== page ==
Aquaporins: Stimulation by Vitamins, Steroids and Sugar Alcohols

Nov 1, 2008 | Contact Author | By: Bud Brewster, C&T magazine
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Title: Aquaporins: Stimulation by Vitamins, Steroids and Sugar Alcohols
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Aquaporins are proteins that reside in the cellular membrane. In response to osmotic forces, they control the passage of specific materials into and out of the cell. As reported previously in Cosmetics & Toiletries,1 one type of aquaporin in human skin is aquaporin-3 (AQP3), a pore by which water, glycerin and certain other moisturizing agents gain access to the interior of epidermal cells. The importance of moisturization for skin health and appearance means that personal care companies have a reason to be interested in the activity or presence (expression) of aquaporins, especially AQP3. As reported in the technical literature, four personal care companies have studied the world of biochemicals to discover AQP3 stimulators from three different sources: vitamins, steroids and sugar alcohols.

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Figure 1. Examples of glyceryl glucosides

CT0811-Brewster_Fig1

“Glucose is linked to glycerin by a glycosidic bond of the amoneric oxygen. These kinds of monosaccharides are characterized by their hydrophilicity,” Scherner told C&T magazine. “Glyceryl glycosides have been widely known for many years. In particular, extremophile plants and different cyanobacteria produce glyceryl glycosides for osmotic adjustment in order to be able to survive in extremely dry or salty environmental conditions.” Structures of two glyceryl glucosides are shown here. Some organisms produce the 1-O-isomer; others produce the 2-O-isomer.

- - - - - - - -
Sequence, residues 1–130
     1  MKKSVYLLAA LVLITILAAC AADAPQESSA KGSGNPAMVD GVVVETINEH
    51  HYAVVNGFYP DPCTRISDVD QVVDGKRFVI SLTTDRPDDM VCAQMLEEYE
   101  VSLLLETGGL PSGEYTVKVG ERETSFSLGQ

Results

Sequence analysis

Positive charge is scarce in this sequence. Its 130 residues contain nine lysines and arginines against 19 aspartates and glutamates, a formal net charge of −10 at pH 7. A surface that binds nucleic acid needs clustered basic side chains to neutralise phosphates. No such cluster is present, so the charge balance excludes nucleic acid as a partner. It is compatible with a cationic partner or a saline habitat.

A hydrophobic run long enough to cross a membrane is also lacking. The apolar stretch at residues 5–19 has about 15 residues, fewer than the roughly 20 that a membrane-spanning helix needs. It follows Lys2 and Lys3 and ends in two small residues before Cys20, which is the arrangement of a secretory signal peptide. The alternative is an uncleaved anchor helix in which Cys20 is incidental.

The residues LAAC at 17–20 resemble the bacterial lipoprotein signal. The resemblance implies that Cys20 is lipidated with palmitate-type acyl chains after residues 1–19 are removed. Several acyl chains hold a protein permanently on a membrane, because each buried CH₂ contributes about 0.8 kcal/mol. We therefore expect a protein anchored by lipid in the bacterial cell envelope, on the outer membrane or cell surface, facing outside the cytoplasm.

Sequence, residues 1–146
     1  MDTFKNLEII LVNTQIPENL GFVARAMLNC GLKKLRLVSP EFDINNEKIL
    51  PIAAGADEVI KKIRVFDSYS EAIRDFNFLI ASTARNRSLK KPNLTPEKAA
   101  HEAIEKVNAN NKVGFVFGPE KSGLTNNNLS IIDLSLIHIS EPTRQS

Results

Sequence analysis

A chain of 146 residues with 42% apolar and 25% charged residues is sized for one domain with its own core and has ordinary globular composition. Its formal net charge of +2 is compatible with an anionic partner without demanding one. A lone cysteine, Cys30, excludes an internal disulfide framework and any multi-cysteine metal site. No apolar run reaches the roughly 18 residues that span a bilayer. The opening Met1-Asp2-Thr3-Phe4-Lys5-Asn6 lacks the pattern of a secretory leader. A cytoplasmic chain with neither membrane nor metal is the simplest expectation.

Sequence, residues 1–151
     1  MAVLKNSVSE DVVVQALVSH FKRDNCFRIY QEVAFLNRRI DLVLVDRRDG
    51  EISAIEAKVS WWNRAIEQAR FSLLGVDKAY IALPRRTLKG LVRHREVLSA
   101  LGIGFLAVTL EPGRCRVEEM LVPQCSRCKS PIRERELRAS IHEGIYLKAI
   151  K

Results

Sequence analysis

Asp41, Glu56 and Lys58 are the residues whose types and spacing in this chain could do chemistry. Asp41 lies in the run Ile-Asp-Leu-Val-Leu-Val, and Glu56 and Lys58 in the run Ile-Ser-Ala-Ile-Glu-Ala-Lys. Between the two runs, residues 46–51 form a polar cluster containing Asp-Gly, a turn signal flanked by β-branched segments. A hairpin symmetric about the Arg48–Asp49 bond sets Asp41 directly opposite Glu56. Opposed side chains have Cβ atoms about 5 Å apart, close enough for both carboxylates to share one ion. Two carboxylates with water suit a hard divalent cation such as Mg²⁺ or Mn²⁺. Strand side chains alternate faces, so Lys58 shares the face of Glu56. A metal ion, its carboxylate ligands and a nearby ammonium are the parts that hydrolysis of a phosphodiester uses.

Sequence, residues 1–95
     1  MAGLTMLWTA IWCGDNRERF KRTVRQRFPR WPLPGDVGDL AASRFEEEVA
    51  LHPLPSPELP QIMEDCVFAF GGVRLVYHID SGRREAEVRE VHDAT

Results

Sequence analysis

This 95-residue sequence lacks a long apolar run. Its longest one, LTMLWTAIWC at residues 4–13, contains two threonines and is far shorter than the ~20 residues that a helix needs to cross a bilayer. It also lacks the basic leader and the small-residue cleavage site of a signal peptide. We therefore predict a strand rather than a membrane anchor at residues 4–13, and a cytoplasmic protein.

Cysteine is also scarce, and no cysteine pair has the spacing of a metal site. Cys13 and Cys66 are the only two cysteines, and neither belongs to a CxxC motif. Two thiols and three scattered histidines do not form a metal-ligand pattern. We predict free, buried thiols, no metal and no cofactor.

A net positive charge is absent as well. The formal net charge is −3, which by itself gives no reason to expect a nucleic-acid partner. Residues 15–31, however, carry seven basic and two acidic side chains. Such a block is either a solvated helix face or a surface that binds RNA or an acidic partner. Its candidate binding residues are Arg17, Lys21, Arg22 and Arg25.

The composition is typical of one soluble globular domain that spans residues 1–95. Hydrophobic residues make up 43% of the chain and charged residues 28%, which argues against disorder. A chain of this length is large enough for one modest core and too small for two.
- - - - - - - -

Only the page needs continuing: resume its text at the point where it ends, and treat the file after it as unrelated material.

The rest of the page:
Figure 2. Effect of glyceryl glucoside on AQP3 mRNA levels

CT0811-Brewster_Fig2
“In a large screen of actives using human keratinocytes we analyzed the AQP3 stimulation potential of glyceryl glucoside in relation to glycerol because we were trying to identify new active moisturizers better than glycerol,” Breitenbach said. “We observed a significant increase in AQP3 mRNA levels by the application of glyceryl glucoside.”

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